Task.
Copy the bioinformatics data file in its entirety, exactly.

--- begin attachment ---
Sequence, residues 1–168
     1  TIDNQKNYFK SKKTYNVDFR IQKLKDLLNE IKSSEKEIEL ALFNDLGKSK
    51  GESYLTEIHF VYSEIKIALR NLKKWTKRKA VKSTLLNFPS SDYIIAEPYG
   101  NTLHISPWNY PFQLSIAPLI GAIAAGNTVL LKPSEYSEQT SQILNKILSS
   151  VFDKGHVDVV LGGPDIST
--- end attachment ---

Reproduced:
Sequence, residues 1–168
     1  TIDNQKNYFK SKKTYNVDFR IQKLKDLLNE IKSSEKEIEL ALFNDLGKSK
    51  GESYLTEIHF VYSEIKIALR NLKKWTKRKA VKSTLLNFPS SDYIIAEPYG
   101  NTLHISPWNY PFQLSIAPLI GAIAAGNTVL LKPSEYSEQT SQILNKILSS
   151  VFDKGHVDVV LGGPDIST